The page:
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Labor Report
Legislation to Senate Labor and Industry Committee This Week

Senate Bill 1133 (Sen. Lisa Baker) -- SB 1133, the “Active Duty Spouse Act,” would add a provision to the Unemployment Compensation Law to clarify that a spouse’s move to follow his or her active duty spouse would not be considered a “voluntarily leaving of work [sic].”

If an active duty member of the Armed Forces is assigned to a new duty station today, his or her spouse is forced to resign their employment. Under current state law, it’s possible for that resignation to be classified as voluntary, denying that spouse UC benefits.

If SB 1133 becomes law, the estimated impact of the change would be about $70,000.

The committee will meet at 9 a.m., March 22, to consider Senate Bill 703 (McGarrigle), which would create a state plumbers licensing program.

SB 703 looks to establish minimum standards that individuals must meet in order to obtain a state license. A plumbing contractors’ licensure board would issue licenses, develop regulations, and administer the provisions of the law. The bill's primary purpose is to protect the public health. At the same time, it will make reciprocity with other states that license plumbers a simple matter.

Following the meeting, the committee will hold a hearing (from approximately 9:30 a.m. until 10:30 a.m. on apprenticeships. Sens. Smucker and Folmer (SB 280) will discuss their bill, L&I will discuss its position, labor and the builders will be represented.

Gov. Wolf Ignites Minimum Wage Push

Gov. WolfFor the past two legislative sessions, Republicans, Democrats and yours truly have been proposing bills to increase Pennsylvania’s minimum wage from $7.25 to lots of other numbers (my SB 195 would move it to $10.10).

No bill has received a committee vote … in the House or the Senate.

Thankfully, Gov. Tom Wolf did what only he could do by increasing the minimum wage to $10.15 an hour for employees under his jurisdiction and contractors doing business with the commonwealth.

Of course, the governor’s decision sparked some protest by the controlling party, but that was to be expected.

Gov. Wolf’s allowable and justified executive order will help a few hundred workers. It will also move the debate forward on getting this done for all of Pennsylvania’s minimum wage earners, and those who make less than minimum (think waiters and waitresses).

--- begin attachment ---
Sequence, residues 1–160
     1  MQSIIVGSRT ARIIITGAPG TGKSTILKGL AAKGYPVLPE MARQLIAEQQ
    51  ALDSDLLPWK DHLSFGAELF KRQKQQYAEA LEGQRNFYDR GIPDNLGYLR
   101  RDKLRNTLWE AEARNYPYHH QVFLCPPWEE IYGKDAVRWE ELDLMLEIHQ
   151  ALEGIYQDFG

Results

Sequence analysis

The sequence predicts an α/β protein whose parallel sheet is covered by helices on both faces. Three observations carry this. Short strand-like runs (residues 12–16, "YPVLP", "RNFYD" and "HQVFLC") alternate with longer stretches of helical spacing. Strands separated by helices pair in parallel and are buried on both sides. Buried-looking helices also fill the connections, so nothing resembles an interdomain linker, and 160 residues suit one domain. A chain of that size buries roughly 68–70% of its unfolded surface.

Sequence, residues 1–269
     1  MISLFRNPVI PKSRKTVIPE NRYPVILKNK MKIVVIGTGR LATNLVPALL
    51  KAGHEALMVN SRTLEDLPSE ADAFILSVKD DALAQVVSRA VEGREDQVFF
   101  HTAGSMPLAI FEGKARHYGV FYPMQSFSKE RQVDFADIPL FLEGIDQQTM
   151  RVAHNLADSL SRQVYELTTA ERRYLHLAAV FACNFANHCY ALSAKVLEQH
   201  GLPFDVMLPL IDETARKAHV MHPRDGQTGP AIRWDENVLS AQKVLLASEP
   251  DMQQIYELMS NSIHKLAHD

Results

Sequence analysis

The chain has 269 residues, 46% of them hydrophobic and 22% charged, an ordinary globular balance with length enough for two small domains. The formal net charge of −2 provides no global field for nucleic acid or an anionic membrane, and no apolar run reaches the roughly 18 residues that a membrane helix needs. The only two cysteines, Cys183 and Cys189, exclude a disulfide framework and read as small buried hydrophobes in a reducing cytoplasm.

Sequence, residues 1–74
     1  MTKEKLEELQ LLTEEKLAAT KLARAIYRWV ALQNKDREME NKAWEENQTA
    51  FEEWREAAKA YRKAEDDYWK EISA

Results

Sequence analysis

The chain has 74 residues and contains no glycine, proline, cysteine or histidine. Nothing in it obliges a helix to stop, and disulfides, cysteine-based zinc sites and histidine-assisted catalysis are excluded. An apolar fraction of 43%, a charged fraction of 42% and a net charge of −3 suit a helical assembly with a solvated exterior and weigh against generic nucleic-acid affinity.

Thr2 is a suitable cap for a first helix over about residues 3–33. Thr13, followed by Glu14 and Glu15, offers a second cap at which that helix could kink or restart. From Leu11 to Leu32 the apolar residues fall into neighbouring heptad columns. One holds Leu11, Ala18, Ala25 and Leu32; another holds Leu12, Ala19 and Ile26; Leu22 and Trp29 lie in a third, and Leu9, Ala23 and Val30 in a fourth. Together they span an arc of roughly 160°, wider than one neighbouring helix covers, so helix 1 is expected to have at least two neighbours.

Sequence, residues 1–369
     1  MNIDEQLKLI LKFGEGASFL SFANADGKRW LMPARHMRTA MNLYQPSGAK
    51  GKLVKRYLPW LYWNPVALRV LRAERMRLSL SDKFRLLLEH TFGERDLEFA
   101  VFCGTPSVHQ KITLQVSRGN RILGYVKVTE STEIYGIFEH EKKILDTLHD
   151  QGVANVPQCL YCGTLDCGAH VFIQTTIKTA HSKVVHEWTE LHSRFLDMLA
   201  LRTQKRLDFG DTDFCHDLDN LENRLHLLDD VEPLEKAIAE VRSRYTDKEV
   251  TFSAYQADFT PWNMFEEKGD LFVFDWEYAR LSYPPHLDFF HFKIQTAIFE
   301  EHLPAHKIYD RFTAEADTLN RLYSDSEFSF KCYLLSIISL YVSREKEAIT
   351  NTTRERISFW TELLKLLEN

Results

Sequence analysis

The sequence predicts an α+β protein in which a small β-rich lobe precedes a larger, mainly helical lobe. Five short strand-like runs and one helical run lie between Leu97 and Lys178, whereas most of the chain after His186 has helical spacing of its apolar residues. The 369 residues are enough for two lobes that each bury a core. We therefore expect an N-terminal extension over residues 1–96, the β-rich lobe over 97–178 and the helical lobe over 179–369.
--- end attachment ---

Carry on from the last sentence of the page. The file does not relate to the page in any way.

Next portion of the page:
As his press secretary, Jeff Sheridan, wrote in, raising the minimum wage to $10.15 will help scores of Pennsylvanians move out of poverty.

I remain committed to getting a higher minimum wage through the legislature and to the governor for his approval.

I also welcome my Senate Democratic Caucus’s new “More Than Minimum” campaign.

“More Than Minimum” is a perfect way to encapsulate the struggle to move beyond $7.25 an hour. Not only are our frontline workers worth more pay each hour, they are more – and should always be considered more – than just a small hourly stipend. These are people. Without them, many businesses do not succeed.

Senator TartaglioneNew Jobs, New Construction, New Stores

With the promise of economic renewal in a North Philadelphia community that is part of my district, helped to break ground recently for an 85,000-square-foot retail facility.

My efforts to secure a $2.5 million low-interest loan from the Commonwealth Finance Authority helped to ensure the reality of the Plaza Allegheny project.

Senator TartaglionePlaza Allegheny will help the residents of Fairhill in countless ways. People will find jobs, more people will go there to shop and spend their money, and an underutilized property will be transformed into productive use.

Plaza Allegheny has received the full support of area union members who have been involved in the project planning discussions and will serve an integral role during construction.

In addition to the low-interest CFA loan, the Plaza Allegheny project secured $13.64 million in matching funds.

PA Unemployment

Our state’s unemployment rate ticked downward in January to 4.6 percent, according to state labor officials.

The drop from 4.7 percent in December made the new jobless calculation the lowest since September 2007.

According to the state Department of Labor & Industry, Pennsylvania’s civilian labor force was up 11,000 in January to 6,448,000. Resident employment rose by 16,000 while the unemployment count declined by 5,000.

Labor Corner

Important minimum wage and labor-related news I also wanted to share with you this week:

Alcohol Coming to Gas Stations in Pa.? Supreme Court Weighs In

McDonald's Squares Off Against NLRB in Worker Retaliation Trial

Study sees positive impact of raising New York's minimum wage to $15 an hour

The federal minimum wage peaked in 1968